According to counsel, the merger of Chambers Development Co., Inc. and USA Waste Services, Inc., was consummated on June 30, 1995, which now permits precise calculation of the Distribution Fund created according to the terms of the settlement, based upon the formula agreed to by the parties. Letter of Howard A. Spector, plaintiffs' co-lead counsel, July 12, 1995. Accordingly, the main class action settlements "total $94,983,413.90 exclusive of interest and any amount that might spill over from the derivative fund." Id.
 The docket and record do not disclose a separate application for attorneys' fees in the derivative action. Therefore, the Court deems the Memorandum in Support of the Derivative Fee Application as the actual application.
 The "lodestar" is the calculation of fees "by multiplying the number of hours expended by some hourly rate appropriate for the region and for the experience of the lawyer." In Re General Motors Corp. Pick-Up Truck Fuel Tank Lit., ("GMC Fuel Tank Lit."), 55 F.3d 768, 819 n. 37 (3d Cir.1995). The "lodestar" method is that endorsed by the Court of Appeals for the Third Circuit in Lindy Bros. Builders, Inc. v. American Radiator & Standard Sanitary Corp., 487 F.2d 161 (3d Cir.1973) ("Lindy I"), appeal following remand, 540 F.2d 102 (3d Cir.1976) ("Lindy II").
 CPC in the main class action recall "the court remarked at a status conference that a fee based upon a percentage of any fund created would be appropriate." Main Fee Application at 5. Obviously, any such passing remark at a status conference could not be construed to be a ruling on the issue of the appropriate method of determining a reasonable fee, and CLC in the main class action obviously did not make such an assumption, as evidenced by their extensive, well-researched and briefed memorandum on the issue of the proper method of calculating attorneys' fees, with supporting lodestar data simultaneously offered as a "cross-check" on the reasonableness of any fee calculated via the POR method.
 A fee percentage of 42% based on a fee of $2.175 million would represent a settlement value of approximately $5.2 million.
 A good starting point would have to be the Report of the Third Circuit Task Force, October 8, 1985, on Court Awarded Attorney Fees ("Task Force"), 108 F.R.D. 237-274 (1985); the Manual for Complex Litigation, (Third), Federal Judicial Center (1995), § 24.1; and Herbert Newberg & Alba Conte, Newberg on Class Actions ("Newberg"), Ch. 14, Attorneys' Fees in Class Actions (3d ed. 1992). A complete list of recommended and helpful judicial opinions on the subject is unnecessary and would make a string citation too lengthy for our purposes, but the reader is directed to a few of the recent expositions. See, e.g., In re Thirteen Appeals Arising Out of the San Juan Dupont Plaza Hotel Fire Lit., 56 F.3d 295 (1st Cir.1995); GMC, 55 F.3d at 819-22; Swedish Hosp. Corp. v. Shalala, 1 F.3d 1261 (D.C.Cir. 1993); In the Matter of Continental Illinois Sec. Lit., 962 F.2d 566 (7th Cir.1992); In Re Unisys Corp. Retiree Med. Benefits ERISA Lit., 886 F. Supp. 445 (E.D.Pa.1995). (Cahn, C.J.'s lengthy and erudite opinion detailing the American and the Third Circuit evolution in attorneys' fees litigation, and pretty much exhausting the field on the subject.)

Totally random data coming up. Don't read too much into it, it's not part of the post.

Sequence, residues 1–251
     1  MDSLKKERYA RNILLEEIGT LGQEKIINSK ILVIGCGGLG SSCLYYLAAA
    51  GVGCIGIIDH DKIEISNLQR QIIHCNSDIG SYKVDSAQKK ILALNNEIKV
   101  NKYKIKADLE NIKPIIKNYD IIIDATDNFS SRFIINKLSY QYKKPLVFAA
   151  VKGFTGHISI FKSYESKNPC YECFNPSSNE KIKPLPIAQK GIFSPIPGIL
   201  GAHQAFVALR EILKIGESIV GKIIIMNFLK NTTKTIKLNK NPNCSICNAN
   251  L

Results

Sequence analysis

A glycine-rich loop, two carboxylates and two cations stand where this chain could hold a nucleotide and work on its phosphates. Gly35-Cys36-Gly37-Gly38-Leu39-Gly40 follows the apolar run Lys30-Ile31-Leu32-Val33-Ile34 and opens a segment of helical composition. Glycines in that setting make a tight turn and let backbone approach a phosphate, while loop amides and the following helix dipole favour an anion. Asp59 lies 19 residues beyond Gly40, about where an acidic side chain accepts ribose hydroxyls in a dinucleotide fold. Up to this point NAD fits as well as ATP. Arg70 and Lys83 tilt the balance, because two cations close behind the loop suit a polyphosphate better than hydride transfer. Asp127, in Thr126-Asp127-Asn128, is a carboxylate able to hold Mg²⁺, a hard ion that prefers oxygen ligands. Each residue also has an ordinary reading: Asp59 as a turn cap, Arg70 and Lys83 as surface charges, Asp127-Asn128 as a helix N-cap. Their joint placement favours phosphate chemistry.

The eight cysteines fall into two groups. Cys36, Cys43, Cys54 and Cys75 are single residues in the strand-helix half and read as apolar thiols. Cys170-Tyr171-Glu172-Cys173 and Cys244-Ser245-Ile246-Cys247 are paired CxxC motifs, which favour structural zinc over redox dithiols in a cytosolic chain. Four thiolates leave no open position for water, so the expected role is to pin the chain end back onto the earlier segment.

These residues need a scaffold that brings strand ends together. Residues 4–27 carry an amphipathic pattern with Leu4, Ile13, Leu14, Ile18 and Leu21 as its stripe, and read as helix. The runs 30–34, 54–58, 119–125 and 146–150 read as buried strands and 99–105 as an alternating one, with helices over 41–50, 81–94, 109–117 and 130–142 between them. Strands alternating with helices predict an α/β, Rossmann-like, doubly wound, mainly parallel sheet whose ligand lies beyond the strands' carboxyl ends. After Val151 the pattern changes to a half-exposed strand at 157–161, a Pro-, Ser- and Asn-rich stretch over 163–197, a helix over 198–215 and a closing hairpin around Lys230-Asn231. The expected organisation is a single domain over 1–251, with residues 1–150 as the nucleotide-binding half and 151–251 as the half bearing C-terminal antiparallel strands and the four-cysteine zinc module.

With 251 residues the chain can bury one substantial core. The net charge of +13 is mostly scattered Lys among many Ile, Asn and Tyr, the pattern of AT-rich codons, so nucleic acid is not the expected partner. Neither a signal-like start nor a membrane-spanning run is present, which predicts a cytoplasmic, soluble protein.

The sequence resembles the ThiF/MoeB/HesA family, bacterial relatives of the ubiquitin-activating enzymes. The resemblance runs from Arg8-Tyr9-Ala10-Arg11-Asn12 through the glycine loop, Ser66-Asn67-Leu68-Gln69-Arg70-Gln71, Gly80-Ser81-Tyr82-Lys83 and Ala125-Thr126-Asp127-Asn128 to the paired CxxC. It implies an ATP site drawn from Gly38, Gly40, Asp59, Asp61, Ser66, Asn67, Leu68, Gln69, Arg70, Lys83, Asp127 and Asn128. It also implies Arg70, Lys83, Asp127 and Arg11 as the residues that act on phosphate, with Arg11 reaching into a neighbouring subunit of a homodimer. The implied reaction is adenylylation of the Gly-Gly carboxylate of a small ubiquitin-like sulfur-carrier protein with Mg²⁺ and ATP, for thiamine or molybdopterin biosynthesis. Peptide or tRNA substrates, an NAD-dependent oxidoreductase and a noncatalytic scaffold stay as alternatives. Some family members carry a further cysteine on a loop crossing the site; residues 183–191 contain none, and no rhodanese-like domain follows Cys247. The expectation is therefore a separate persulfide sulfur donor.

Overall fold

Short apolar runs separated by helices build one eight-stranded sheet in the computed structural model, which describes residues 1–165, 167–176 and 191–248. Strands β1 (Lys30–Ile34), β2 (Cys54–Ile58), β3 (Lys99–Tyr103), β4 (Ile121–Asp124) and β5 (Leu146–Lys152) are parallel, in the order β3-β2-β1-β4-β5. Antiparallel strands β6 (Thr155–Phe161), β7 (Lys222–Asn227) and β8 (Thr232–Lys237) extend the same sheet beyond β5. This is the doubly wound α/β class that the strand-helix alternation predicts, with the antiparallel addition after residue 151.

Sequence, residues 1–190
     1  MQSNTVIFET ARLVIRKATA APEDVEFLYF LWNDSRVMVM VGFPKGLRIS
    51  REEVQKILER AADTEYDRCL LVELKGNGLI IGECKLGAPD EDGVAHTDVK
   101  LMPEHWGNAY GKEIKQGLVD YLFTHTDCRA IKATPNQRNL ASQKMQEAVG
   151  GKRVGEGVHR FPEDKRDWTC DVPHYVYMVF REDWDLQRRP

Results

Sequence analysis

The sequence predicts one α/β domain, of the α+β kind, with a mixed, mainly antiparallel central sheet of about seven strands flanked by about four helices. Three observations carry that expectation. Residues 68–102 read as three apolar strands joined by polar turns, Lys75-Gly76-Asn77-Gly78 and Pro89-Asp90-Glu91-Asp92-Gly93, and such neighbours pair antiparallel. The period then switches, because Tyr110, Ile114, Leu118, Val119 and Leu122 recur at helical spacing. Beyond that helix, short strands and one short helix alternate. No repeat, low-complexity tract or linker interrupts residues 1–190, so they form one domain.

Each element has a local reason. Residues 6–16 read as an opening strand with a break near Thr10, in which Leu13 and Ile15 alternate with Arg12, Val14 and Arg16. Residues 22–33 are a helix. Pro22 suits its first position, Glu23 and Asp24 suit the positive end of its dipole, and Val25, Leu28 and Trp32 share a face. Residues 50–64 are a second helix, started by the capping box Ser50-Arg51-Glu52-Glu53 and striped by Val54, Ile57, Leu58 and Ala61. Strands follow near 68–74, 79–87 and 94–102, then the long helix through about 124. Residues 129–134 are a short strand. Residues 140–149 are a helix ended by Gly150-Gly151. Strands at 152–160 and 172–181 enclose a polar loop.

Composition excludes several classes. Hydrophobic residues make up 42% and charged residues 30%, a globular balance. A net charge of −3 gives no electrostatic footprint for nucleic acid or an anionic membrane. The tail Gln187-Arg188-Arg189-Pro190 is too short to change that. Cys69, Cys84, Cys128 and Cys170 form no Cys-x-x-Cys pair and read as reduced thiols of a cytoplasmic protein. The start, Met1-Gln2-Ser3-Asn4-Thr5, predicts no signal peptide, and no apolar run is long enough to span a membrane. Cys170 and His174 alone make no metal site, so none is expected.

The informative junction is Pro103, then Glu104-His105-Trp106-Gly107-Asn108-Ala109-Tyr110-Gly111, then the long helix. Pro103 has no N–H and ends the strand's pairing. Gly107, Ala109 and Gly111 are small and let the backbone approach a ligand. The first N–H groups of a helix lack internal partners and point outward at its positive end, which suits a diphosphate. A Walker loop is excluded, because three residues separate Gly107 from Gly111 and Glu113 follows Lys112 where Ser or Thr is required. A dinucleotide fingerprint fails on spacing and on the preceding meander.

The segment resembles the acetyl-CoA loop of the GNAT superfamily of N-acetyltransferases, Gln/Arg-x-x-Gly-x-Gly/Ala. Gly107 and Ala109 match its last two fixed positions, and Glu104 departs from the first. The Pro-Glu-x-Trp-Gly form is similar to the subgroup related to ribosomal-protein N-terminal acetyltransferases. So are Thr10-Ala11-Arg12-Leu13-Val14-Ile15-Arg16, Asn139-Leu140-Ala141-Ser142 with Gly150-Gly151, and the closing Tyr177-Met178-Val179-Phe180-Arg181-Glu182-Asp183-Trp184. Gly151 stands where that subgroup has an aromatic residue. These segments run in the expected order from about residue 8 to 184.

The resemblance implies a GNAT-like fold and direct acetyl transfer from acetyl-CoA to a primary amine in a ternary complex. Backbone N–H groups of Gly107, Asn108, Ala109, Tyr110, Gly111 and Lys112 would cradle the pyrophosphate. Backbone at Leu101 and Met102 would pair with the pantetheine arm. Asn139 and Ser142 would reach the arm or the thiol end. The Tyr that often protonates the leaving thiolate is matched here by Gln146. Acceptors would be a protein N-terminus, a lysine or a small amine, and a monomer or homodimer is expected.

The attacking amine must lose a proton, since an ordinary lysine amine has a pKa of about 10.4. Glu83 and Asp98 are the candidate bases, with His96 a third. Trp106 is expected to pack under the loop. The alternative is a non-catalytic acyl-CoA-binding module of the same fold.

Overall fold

"The common fund doctrine provides that a private plaintiff, or plaintiff's attorney, whose efforts create, discover, increase, or preserve a fund to which others also have a claim, is entitled to recover from the fund the costs of his litigation, including attorneys' fees. Vincent v. Hughes Air West, Inc., 557 F.2d 759 (9th Cir. 1977)." GMC Fuel Tank Lit., 55 F.3d at 820 n. 39.
 District courts within the Third Circuit have been divided on whether our Court of Appeals had adopted the use of the POR method in common fund cases as recommended unequivocally by its Task Force or, indeed, whether the district courts remained bound by Lindy Bros. Builders, Inc. v. American Radiator & Standard Sanitary Corp., 487 F.2d 161 (3d Cir.1973) ("Lindy I"), which required the application of the lodestar method in a common fund attorneys' fee case. See Unisys, 886 F. Supp. at 458-60 (collecting cases and aligning with those courts adopting POR method in common fund cases). GMC Fuel Tank Lit. now authorizes use of the POR approach in common fund class action cases, and, this Court believes, its reliance on Blum v. Stenson, 465 U.S. 886, 900 n. 16, 104 S. Ct. 1541, 1550 n. 16, 79 L. Ed. 2d 891 (1984), obviates any problem that might otherwise have prevented one panel of the Court of Appeals for the Third Circuit (the GMC Fuel Tank Lit. panel) from attempting to overrule another. See Public Interest Research Group of New Jersey v. Windall, 51 F.3d 1179, 1186 n. 9 (3d Cir.1995) (on the proper method of calculating the "relevant market" to set the hourly rate to be used for the lodestar in statutory fee-shifting cases, the Court of Appeals stated: "Neither a task force report nor a subsequent panel can overrule a published opinion of this Court. See I.O.P. 9.1 (only the Court sitting in banc may overrule an earlier published opinion of this Court.").
 The Courts of Appeals for the Eleventh and for the District of Columbia Circuits require their district courts to use the POR method in common fund cases, while those of the First, Sixth, Seventh, Ninth and Tenth Circuits "allow the use of either the lodestar approach or the percentage approach." UNISYS, 886 F. Supp. at 459 (collecting cases). Chief Judge Cahn suggests that the "Court of Appeals for the Fifth Circuit appears to be staying with the lodestar approach." Id., 886 F. Supp. at 459 n. 25 (citations omitted).
 "Generously" because the Court did not discount the standing value of the real estate by any portion of the nearly $2 million in encumbrances on the property.